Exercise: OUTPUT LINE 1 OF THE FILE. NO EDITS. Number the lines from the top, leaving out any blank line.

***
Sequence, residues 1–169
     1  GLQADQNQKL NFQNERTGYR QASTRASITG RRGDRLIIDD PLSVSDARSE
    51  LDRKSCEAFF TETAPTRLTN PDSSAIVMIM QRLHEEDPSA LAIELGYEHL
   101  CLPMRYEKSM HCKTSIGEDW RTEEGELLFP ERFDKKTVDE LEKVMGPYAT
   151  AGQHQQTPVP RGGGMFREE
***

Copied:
Sequence, residues 1–169